As a fish-eating Atlantic Anemone, Pink Tips don’t naturally host Clownfish, which are from the IndoPacific. They have a potent sting designed to disable fish prey and are a dangerous host but determined Clownfish will make it work!

Caribbean Cleaner Shrimp, Cardinalfish, and even Arrow Crabs are known to form natural bonds with Pink Tips, however!

Pink Tipped Anemones are a large, mobile species, so you’ll need to ensure the aquarium is spacious enough for them to move without coming into conflict with other Anemones and Corals.

  • Scientific Name: Condylactis gigantea
  • Origin: Caribbean
  • Size: Up to 20 inches
  • Price: $5-10 for a juvenile

Curlique Anemone

Curlique Anemones are a small and easy to keep aquarium anemone species with delicately patterned tentacles.

Calm, shallow waters without much current and overhead protection are what they seek out. When feeling threatened, Curlique Anemones will instantly retract into themselves.

As a member of the Aiptasiidae family they have both a long reach and a vicious sting. Curlique Anemones don’t endlessly divide and become pests like Glass Anemones (Aiptasia pallida) do, however.

Curlique Anemones usually settle and are immobile once they find a nice place to attach. They are also known to form mutualistic bonds with Pistol Shrimp! Their small size makes them good reef anemones in larger aquariums so long as you give other animals enough space to avoid their stings.

  • Scientific Name: Bartholomea annulata
  • Origin: Caribbean
  • Size: 4 inches tall
  • Price: $10-20

Beaded Sea Anemone

banded anemone

Beaded Sea Anemones are more subdued in color compared to most other Clownfish hosting Anemone species. However their delicately patterned tentacles look almost like a string of dark pearls and are fascinating to watch as they shift and curl.

Their tentacles are sparse and stubby compared to other species, allowing for most of the oral cavity to be constantly exposed.

Unlike most of the Anemone species here Beaded Anemones prefer a sand substrate at least 4 to 8 inches deep. When threatened they retract fully into the sand to escape predators. They also prefer high light environments for optimal symbiotic algae health.

Clarkii Clownfish and Domino Damselfish will often partner with Beaded Sea Anemones.

  • Scientific Name: Heteractis aurora
  • Origin: IndoPacific
  • Size: 12 inches
  • Price: $70-100

Saddle Carpet Anemone

Carpet Anemone

In terms of hardiness Saddle Carpet Anemones are not especially difficult besides needing high light levels. However they are one of the largest species, regularly reaching 2 feet across in aquaria! And when fed regularly on Brine Shrimp, cut shrimp, and fish, which they need, they grow even faster!

Saddle Carpet Anemones have an especially aggressive sting that can even cause pain to their owners if caught where skin is thinnest, such as on the wrist. The tentacles are stubby but sticky and can easily attach and break off if skin contact is made with one.

Saddle Anemones are a sand dwelling species and should be given a patch of deep substrate to bury their column within. They also appreciate slight current.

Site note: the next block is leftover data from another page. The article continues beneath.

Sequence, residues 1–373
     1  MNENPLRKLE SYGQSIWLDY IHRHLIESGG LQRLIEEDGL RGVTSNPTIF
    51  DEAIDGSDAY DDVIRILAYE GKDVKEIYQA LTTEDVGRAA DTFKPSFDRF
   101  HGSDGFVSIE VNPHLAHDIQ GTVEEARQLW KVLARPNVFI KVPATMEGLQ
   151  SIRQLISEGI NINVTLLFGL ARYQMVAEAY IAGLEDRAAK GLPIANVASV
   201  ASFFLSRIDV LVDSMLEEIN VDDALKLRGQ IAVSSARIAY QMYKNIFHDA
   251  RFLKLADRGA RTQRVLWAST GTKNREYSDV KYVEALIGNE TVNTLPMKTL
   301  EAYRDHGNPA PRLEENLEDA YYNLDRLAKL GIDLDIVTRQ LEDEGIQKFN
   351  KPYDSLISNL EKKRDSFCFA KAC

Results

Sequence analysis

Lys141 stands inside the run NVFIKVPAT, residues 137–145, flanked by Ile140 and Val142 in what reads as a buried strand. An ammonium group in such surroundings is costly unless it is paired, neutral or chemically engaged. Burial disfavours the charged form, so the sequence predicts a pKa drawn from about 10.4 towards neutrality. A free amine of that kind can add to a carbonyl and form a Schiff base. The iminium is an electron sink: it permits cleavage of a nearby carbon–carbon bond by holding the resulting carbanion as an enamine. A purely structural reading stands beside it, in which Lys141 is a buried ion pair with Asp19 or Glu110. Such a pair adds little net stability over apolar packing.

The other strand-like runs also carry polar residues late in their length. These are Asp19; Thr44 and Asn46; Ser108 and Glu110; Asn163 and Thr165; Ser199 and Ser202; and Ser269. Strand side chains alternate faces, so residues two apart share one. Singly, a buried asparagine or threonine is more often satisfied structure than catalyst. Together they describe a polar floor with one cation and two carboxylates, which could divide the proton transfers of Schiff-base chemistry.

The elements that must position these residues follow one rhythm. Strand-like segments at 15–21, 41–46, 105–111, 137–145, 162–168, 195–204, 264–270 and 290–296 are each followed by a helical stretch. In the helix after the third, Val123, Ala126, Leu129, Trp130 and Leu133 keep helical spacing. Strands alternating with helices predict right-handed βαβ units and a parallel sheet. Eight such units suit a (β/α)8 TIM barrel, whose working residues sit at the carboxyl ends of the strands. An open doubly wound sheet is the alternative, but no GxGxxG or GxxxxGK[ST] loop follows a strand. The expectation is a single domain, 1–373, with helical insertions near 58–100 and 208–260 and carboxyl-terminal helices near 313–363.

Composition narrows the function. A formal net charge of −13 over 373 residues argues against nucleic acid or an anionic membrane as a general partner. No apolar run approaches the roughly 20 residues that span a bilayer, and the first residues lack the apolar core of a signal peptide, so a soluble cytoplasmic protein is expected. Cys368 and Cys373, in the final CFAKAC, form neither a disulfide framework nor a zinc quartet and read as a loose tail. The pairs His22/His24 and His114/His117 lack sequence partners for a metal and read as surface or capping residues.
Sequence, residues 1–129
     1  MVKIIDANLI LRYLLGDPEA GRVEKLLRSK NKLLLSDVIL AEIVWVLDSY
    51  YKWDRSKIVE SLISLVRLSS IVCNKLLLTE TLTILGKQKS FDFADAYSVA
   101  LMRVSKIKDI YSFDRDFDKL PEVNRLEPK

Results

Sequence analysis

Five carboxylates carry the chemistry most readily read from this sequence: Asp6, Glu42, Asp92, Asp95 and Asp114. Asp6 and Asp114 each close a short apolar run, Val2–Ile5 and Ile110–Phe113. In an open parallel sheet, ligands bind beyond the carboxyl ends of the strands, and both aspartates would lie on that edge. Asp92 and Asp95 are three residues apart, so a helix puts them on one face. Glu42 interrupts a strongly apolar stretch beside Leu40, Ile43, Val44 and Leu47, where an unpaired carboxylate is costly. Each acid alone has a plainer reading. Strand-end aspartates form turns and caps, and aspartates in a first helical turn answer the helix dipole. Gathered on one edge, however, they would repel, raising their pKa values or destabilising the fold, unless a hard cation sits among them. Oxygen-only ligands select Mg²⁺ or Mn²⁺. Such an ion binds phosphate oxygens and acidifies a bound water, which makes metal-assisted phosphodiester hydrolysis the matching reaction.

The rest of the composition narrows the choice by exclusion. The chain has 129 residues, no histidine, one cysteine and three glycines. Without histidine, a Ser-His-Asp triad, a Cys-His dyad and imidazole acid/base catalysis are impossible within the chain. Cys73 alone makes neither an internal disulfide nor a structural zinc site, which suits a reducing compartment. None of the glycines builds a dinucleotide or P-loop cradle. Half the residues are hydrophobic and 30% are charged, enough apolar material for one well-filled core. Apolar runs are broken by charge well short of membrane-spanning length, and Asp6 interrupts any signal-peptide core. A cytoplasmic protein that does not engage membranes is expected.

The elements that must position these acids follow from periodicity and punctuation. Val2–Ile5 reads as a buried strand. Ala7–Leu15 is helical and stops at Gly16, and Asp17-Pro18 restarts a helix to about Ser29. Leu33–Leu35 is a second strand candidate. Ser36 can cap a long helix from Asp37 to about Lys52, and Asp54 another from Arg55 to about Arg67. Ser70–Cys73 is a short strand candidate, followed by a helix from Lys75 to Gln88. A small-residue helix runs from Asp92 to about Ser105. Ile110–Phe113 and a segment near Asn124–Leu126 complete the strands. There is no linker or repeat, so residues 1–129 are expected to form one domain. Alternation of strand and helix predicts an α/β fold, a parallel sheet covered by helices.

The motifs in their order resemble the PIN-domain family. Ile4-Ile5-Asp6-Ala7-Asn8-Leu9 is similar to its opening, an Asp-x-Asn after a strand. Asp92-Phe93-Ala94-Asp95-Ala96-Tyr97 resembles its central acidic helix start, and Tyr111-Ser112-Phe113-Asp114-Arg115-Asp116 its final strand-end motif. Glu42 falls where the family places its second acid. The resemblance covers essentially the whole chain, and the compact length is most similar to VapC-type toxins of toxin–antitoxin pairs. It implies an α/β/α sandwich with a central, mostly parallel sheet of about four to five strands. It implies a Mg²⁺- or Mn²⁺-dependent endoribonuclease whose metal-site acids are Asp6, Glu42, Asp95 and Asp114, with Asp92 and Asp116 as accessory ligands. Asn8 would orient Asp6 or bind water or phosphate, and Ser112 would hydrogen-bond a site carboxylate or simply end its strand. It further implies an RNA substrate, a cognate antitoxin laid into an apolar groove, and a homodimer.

• Scientific Name: Stichodactyla haddoni
  • Origin: IndoPacific
  • Size: 2 feet
  • Price: $50

Rock Flower Anemone

rock flower anemone

Rock Flower Anemones are a common and easier aquarium anemone species. While they don’t host Clownfish other Caribbean species, including Cardinalfish and Porcelain Crabs, will gladly take up residence within one.

Many wild type Rock Flower Anemones can be a drab grey or green. However several deep water color morphs Anemones come in intense greens, reds, and blues. Some even fluoresce under ultraviolet lighting and have tentacles with highly contrasting colors compared to the main disk.

Medium water flow is essential to good health and while they do enjoy high light levels it isn’t crucial for their health! Once they find a sandy spot to bury their column they also rarely wander, much to the relief of reef inhabitants.

  • Scientific Name: Phymanthus (Epicystis) crucifer
  • Origin: Caribbean
  • Size: 6 to 8 inches
  • Price: $30-40

Adhesive Sea Anemone

The Adhesive Sea Anemone is the species Clownfish prefer the least – only Clarkii Clownfish are found with them and even then only occasionally.

They have an attractive appearance, with two tentacle types that are distinctly colored. The inner beaded tentacles that cover most of the body are reminiscent of Carpet Anemone tentacles and pack just as potent a sting!

When attached to prey they are quite sticky and stay in place once contact is made, hence the name “Adhesive Anemone.”

The outer tentacles have bubble tips and are different in color from the rest. The edge of the disk contrasts strongly in color and texture to the rest of the Anemone – like Mini Carpets, Adhesives are also known as “Pizza Anemones” on occasion.

Adhesive Anemones are an easy aquarium Anemone species so long as they are given bright light in a stable, mature aquarium. They can also be picky eaters, usually preferring smaller prey items over large chunks.

Adhesive Anemones prefer rocky crevices over sand as attach places!

  • Scientific Name: Cryptodendrum adhaesivum
  • Origin: IndoPacific
  • Size: 8 to 12 inches